The University of Southampton

SOES3004 Microfossils, Environments and Time

Module Overview

Aims and Objectives

Module Aims

1. To give a general introduction to the various groups of microfossils, detailing their morphology, taxonomy, biology, and ecology. 2. To show how certain microfossil groups can be used in an applied manner for the solution of geological problems (such as biostratigraphy, palaeoecology, palaeoceanographic interpretation, proxies for climatic change, etc.). 3. To detail some of the industrial applications of microfossils, particularly those related to hydrocarbon exploration. 4. To provide a basic introduction to microfossil extraction/preparation methods 5. To demonstrate the utility of various microfossil groups in hydrocarbon exploration (source rock analyses, thermal maturity studies, etc.).

Learning Outcomes

Transferable and Generic Skills

Having successfully completed this module you will be able to:

  • utilisation of stereo binocular,
  • transmitted and reflected light microscopes;
  • use of scanning electron microscope;
  • report writing
Subject Specific Intellectual and Research Skills

Having successfully completed this module you will be able to:

  • practical experience of microfossil identification to species level;
  • compilation, utilisation and interpretation of biostratigraphic and palaeoenvironmental information;
  • an appreciation of how to prepare and mount micropalaeontological samples for observation, and the safety precautions necessary to observe during such preparations;
  • to have developed a background knowledge of micropalaeontological literature sources.
Learning Outcomes

Having successfully completed this module you will be able to:

  • Assign a microfossil to its major taxonomic group (e.g. foram, ostracod, dinoflagellate, spore, pollen, etc.).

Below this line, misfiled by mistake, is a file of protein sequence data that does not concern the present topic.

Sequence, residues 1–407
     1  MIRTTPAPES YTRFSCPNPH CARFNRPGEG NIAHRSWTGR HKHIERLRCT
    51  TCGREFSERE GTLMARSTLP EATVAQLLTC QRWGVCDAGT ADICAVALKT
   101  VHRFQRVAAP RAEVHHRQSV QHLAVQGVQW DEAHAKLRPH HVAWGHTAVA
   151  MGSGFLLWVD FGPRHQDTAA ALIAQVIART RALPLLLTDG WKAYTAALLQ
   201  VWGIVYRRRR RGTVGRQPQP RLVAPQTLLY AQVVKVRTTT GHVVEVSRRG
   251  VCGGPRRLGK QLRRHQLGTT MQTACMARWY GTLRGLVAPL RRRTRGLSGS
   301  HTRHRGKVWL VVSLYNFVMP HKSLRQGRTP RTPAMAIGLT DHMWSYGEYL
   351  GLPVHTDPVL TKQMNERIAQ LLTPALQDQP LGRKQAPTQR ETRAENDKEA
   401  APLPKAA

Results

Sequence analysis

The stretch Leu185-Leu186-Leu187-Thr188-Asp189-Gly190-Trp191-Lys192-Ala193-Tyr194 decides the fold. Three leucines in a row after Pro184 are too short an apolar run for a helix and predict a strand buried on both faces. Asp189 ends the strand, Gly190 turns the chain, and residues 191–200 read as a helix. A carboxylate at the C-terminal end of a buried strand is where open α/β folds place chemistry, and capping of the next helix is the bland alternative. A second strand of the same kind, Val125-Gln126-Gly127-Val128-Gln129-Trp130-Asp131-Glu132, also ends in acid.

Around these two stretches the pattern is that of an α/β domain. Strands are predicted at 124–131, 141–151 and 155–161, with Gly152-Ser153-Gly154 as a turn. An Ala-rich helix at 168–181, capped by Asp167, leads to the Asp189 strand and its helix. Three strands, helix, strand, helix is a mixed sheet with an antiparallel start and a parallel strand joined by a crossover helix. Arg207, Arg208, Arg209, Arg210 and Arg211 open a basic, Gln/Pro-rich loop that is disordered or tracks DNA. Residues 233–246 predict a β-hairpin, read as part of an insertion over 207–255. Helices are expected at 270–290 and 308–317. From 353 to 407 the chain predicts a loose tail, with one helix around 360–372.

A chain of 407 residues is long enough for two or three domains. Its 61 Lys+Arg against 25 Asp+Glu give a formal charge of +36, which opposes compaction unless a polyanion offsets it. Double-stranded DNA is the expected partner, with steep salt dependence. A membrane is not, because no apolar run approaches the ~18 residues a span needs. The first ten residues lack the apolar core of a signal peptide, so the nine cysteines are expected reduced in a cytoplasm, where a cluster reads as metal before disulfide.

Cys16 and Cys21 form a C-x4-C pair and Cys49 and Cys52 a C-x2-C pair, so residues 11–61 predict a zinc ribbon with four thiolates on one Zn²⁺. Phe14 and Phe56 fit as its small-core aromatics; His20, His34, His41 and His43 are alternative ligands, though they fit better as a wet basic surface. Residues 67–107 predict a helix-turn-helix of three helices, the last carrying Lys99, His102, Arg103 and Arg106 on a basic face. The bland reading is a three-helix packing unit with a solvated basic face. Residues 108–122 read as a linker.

• Be aware of, and to recognise, the main morphological and compositional features which allow assignation of an individual fossil to each group.
  • Draw basic stratigraphic conclusions about microfossil assemblages (e.g. age of rock unit, correlations, etc.)
  • Deduce palaeoecological and/or palaeoceanographic interpretations from different assemblages of microfossils.
  • Understand the applicability of particular microfossil groups to particular lithologies and particular geological time periods.
  • Determine which microfossil groups are most applicable to the solution of a variety of particular geological problems.


Lectures will introduce the various microfossil groups and detail their utility as important indicators of past environments by examining the ecology of living microplankton taxa and extrapolating this to the fossil record (palaeoecology, palaeoceanography). The applicability of different microfossil groups in providing both relative timescales (through zonal schemes) and biostratigraphic correlation will be detailed, as will the role of certain microfossils in understanding evolutionary processes (particularly in groups such as land plants). Microplankton as agents of global environmental change will also be investigated, especially with regard to fluxes of CaCO3 and C and hence to CO2 in the atmosphere. The microfossil groups which will be studied in the above context are those which form mineralised skeletons (calcareous, siliceous, phosphatic) and the organic-walled microfossils (known as palynomorphs).

Learning and Teaching

Teaching and learning methods